Mud and Stars: My Year of Learning Russian



Mud and Stars: My Year of Learning RussianMud And Stars Xenos, Dax Livres NotRetrouvez Mud And Stars Et Des Millions De Livres En Stock SurAchetez Neuf Ou D Occasion Mud And Stars De George Czender SurMusicDcouvrez Mud And Stars De George Czender SurMusic Coutez De La Musique En Streaming Sans Publicit Ou Achetez Des CDs Et MP Maintenant SurMud And Stars Travels In Russia With Pushkin, Mud And Stars Travels In Russia With Pushkin, Tolstoy And Other Geniuses Of The Golden Age By Sara Wheeler PublishedPublisher Pantheon Books Genre Nonfiction, Travel, Russian Literature, Russian History PagesReviewers Note I Checked This Book Out From The LibraryMud And Stars Working Party Livres NotRetrouvez Mud And Stars Et Des Millions De Livres En Stock SurAchetez Neuf Ou D Occasion Mud And Stars On Apple Books ONE OF SMITHSONIAN S BEST TRAVEL BOOKS OF THE YEAR With The Writers Of The Golden Age As Her Guides Pushkin, Tolstoy, Gogol, And Turgenev, Among Others Sara Wheeler Searches For A Russia Not In The News, Traveling From Rinsed Northwestern Beet Fields And The Far Eastern Arctic Tund Mud And Stars Review On The Road With Pushkin A Literary Jaunt Through The Land Of Pushkin And Tolstoy Takes Sara Wheeler To Such Far Corners Of Russia As A Restaurant In The Frozen Northeast Where The Teaspoons Have Holes To Discourage On Mud And Stars Travels In Russia With Pushkin, In Mud And Stars Travels In Russia With Pushkin, Tolstoy, And Other Geniuses Of The Golden Age, She Journeys All Over Russia To See The Places That Were Significant To The Vast Country S Nineteenth Century Writers As She Walks Toward The Pushkin Estate In Trigorskoye, She Says A Shower Had Greened The Beetroot Fields, And Storks Swooped In From The River To Pick Frogs From A Tractor S Wake At The Adler

Sara Wheeler was brought up in Bristol and studied Classics and Modern Languages at Brasenose College, University of Oxford After writing about her travels on the Greek island of Euboea and in Chile, she was accepted by the US National Science Foundation as their first female writer in residence at the South Pole, and spent seven months in Antarctica.In her resultant book Terra Incognita Travels in Antarctica, she mentioned sleeping in the captain s bunk in Scott s Hut Whilst in Antarctica she read The Worst Journey in the World, an account of the Terra Nova Expedition, and she later wrote a biography of its author Apsley Cherry Garrard.In 1999 she was elected a Fellow of the Royal Society of Literature From 2005 to 2009 she served as Trustee of the London Library.She was frequently abroad for two years, travelled to Russia, Alaska, Greenland, Canada and North Norway to write her book The Magnetic North Travels in the Arctic A journalist at the Daily Telegraph in the UK called it a snowstorm of historical, geographical and anthropological facts.In a 2012 BBC Radio 4 series To Strive and Seek, she told the personal stories of five various members of the Terra Nova Expedition.O My America Second Acts in a New World records the lives of women who travelled to America in the first half of the 19th Century Fanny Trollope, Fanny Kemble, Harriet Martineau, Rebecca Burlend, Isabella Bird, and Catherine Hubback, and the author s travels in pursuit of them.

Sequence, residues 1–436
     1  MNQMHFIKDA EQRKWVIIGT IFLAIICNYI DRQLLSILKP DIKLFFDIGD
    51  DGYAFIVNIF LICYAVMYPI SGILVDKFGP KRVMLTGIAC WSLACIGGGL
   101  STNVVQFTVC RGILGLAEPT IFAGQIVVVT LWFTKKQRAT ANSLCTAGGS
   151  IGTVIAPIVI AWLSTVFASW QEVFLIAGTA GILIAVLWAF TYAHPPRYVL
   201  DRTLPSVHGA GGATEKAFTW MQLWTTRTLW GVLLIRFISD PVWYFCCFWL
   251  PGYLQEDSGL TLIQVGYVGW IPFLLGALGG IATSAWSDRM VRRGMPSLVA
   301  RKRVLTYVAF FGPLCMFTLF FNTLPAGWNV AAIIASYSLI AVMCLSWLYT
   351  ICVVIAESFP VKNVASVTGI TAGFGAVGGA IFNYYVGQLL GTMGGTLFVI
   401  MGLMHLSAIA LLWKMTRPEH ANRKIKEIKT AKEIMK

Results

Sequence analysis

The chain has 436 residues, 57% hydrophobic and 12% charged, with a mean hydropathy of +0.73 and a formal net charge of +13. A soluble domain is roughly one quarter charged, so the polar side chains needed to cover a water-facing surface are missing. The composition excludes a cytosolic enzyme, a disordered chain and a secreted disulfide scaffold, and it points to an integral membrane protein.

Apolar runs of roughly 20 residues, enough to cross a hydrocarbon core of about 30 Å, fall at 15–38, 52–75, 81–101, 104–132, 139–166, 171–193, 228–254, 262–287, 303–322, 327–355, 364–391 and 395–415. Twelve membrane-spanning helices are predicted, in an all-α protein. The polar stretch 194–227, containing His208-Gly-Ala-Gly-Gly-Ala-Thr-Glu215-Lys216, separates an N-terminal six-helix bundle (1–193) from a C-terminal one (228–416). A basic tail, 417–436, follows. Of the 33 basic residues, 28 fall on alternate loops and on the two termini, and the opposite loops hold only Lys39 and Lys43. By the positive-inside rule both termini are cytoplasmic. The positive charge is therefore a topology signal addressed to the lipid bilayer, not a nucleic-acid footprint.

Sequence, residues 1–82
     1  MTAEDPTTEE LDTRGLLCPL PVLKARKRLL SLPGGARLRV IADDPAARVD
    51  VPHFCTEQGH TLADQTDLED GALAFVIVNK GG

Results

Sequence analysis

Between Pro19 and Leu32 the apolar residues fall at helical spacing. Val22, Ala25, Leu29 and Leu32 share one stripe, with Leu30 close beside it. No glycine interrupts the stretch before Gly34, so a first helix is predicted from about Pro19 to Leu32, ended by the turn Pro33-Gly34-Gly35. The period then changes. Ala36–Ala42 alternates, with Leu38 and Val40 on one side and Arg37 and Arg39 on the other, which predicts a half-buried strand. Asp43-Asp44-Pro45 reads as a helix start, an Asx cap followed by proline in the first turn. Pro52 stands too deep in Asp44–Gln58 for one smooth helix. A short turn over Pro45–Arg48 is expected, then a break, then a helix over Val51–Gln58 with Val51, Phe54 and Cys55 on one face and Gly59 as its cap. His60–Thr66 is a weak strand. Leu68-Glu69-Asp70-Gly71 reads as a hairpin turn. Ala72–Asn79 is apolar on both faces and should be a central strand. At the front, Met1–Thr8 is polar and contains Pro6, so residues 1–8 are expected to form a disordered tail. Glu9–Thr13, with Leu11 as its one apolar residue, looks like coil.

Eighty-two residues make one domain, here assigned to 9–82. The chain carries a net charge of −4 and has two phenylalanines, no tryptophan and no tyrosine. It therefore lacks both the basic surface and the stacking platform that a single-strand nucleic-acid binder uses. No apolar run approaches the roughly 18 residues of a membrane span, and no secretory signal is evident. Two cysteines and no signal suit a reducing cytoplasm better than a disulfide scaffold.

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  • Hardcover
  • 240 pages
  • Mud and Stars: My Year of Learning Russian
  • Sara Wheeler
  • 11 June 2019
  • 0224098012

10 thoughts on “Mud and Stars: My Year of Learning Russian

  1. Caroline says:

    Ok for a first go at Russian literature Nothing especially insightful if you ve read the works and or other commentary If you do read it and wanton Pushkin, ie a wry modern take on Pushkin worship in the Soviet era, look for Pushkin Hills by Dovlatov.

  2. Ron S says:

    Wheeler follows in the footsteps of Dostoyevsky, Gogol, Chekov and other 19th century authors, connecting them to Putin s Russia of today You needn t have read, or well remember, the writers detailed to enjoy this wryly told traveler s tale Wheeler reminds me a lot of Susan Orlean, another writer who never seems to put her foot wrong.

  3. Alan Shaw says: